Friday, August 25, 2006

Categorizing Creative Genius

I just read a fascinating article in the July Wired magazine about creative genius. The subject, an economist named David Galenson, has correlated age with perceived value in all sorts of creative fields, and has identified 2 curves. One, which he dubs "Concepualists", tend to peak early in their careers. For example, even though Picasso lived into his 90's, his most cited works in art history and other books were done before he was 30. Mark Rothko, (one of my favorites), did his most cited work the year he died, when he was 59. Galenson calls these guys "Experimentalists". He has done this correlation over painting, fiction, economists, music, and other fields. He believes that 2 distinct flavors of genius exist: one that manifests itself early, with bold, field-changing paradigm shifts (concepualist) and another, slower, accumulated genius (the experimentalist).

This instantly applies to other fields that he hasn't studied, like physics. I've often wondered why so many brilliant, earth shattering discoveries are made by young men Newton, Einstein, and Feynman were quite young when they produced their landmark works). However, if you look at someone like Stephen Hawking, he's still producing significant work. I think this is a great topic, one that resonates with observations I've made but never correlated myself. His book is named Old Masters and Young Geniuses: The Two Lifecycles of Artistic Creativity, and it's jumping to the top of my reading list with a bullet.

Sunday, August 20, 2006

Technology Snake Oil Part 8: Service Pack Shell Game

If you could see my face, you would see shock, dumbfoundment, and disgust. It pains me to
even write about something as stupid as this, but it keeps rearing its head. The
majority of my recent clients and someone I talked to casually from another
company recently are relying on one poisonous meme, which seems to be spreading.
The very bad idea: "We never deploy anything until the first service pack is

Let's think about this for a second. If a vendor produced the
most perfect software ever conceived by mankind, there would never be a service
pack, thus none of these companies would ever deploy it. On the other hand, if I
release a really stinky version of some software that requires a service pack
after a week, it now meets this unassailable standard of deployability.

Two factors have led to this smelly idea. The first is just pure laziness on the
part of the decision makers who decide when things get deployed. Regardless of
the service pack level, you should always evaluate software on its merits. A
prescription like the Service Pack Shell Game ignores important factors in
software and tries to find a metric that indicates quality. This is not even
close. When Windows NT Service Pack 1 was released, it was a disaster. Service
Pack 2 basically rolled back all the changes that SP1 wrought. That's why, to
this day, you still see software that requires NT SP3, because that was the
first real service pack that actually fixed anything.

The other reason this is happening is both more subtle and dangerous. Have we really gotten to the
point where we distrust commercial software this much? It's because vendors have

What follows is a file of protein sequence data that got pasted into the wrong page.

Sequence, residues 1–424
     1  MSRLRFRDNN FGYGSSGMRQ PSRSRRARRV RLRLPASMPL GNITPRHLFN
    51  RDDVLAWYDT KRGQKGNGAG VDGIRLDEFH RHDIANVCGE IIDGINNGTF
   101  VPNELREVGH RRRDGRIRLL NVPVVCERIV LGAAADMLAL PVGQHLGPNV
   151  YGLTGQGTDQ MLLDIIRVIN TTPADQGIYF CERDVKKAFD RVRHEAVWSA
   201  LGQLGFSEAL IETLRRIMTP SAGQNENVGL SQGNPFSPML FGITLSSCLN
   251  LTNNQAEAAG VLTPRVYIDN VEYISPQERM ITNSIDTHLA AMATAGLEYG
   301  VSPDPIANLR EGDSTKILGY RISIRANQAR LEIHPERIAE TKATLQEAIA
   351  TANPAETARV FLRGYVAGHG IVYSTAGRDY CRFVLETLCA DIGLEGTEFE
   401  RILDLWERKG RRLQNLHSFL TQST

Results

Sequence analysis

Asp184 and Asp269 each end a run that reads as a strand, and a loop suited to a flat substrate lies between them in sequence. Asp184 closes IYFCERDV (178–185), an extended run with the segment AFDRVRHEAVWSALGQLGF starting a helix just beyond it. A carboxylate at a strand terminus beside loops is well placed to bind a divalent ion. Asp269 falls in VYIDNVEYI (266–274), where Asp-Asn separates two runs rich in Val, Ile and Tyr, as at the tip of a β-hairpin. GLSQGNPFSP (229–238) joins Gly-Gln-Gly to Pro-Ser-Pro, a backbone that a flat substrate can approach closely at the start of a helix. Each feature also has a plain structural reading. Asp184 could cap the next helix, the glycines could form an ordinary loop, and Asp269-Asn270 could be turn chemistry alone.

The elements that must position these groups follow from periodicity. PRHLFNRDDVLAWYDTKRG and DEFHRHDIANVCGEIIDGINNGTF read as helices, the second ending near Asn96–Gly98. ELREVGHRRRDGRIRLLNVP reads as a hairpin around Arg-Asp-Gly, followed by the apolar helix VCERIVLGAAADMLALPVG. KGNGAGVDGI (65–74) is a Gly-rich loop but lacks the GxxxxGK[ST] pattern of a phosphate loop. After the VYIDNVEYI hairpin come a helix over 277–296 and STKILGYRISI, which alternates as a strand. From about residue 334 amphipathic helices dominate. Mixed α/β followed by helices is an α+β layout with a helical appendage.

consistently released software that is not ready for prime time and told us that
it's of shipping quality. Companies even apply this selection process to open
source software now. Open source has no marketing department pushing releases
out the door. Generally, open source software ships when it is ready. Thus, most
open source has fewer "service packs" than commercial software. Yet this same
flawed prescription is often applied to it. Software, no matter what the source,
should be vetted based on it's quality, which should be determined by (as much
as possible) objective means. Choosing a random metric like "after the first
service pack" guarantees you'll get hit-and-miss quality software.

Friday, August 18, 2006


When you work with a noxious technology enough, it eventually comes back to bite you. Call it software development karma. While I was at OSCON in Portland, the first hotel room where I was placed had massive problems connecting to the Internet. It was wired access, so there was something related to my room that was causing the problem. I endured several maintenance guys and several phone calls with the actual provider. You all know the drill intimately.

Anyway, at one point, it was declared "Fixed!", and I was instructed to point my faithful browser to the Internet. Lo and behold, Software Karma decreed that it was not to be. I got the following error, captured here in all its public glory.

pic of stack trace

Gaaaaaah! I now know waaaayyy more about their network infrastructure than I would like. They are using Tomcat and EJB' connect me to the Internet???!? I'm sure this is exactly the kind of application the EJB designers had in mind when they birthed this technology. Do we think that maybe this is total overkill? Couldn't the same be done with a simple web application backed by a database. Sigh. That's what I get for dabbling in evil -- sometimes it comes back to haunt you in the strangest places.

Sunday, August 13, 2006

Scumbag Spammers

If you have posted a comment to my blog lately, you've noticed that I've turned on the "Word Verification" feature of Blogspot. It's because of the scum of the earth, spammers. They've started posting spam comments (spamments?) to blogs. How clever. How annoying. How I hope they choke on their own vomit as they slide under a gas truck.

Saturday, August 12, 2006

Search Trumps Hiearchies

I wrote a while back about Pervasive Search, and how it changed the way I find things. I find myself using search more and more versus navigating hierarchies. As developers, we tend to create lots of files, in regular strict hierarchical structure (in fact, I've been blogging about namespaces vs. packages recently as well). File system paths are now too cumbersome to endure. Instead of walking through Explorer or the tree in my IDE, I'm using search.

I use search at 2 levels. Within the IDE, I use the brilliant feature in both IntelliJ and ReSharper to "Find File" (keyboard shortcut: Ctrl-N). This lets you type in the name (or partial) name of a file and open it in the editor. Better yet, it finds patterns of capital letters in names. So, if you are looking for the ShoppingCartMemento class, you could type "SCM", and "Find File" will find it. Highly addictive. And, it works equally well in IntelliJ and Visual Studio with ReSharper (and my Eclipse friends tell me it has made it there as well).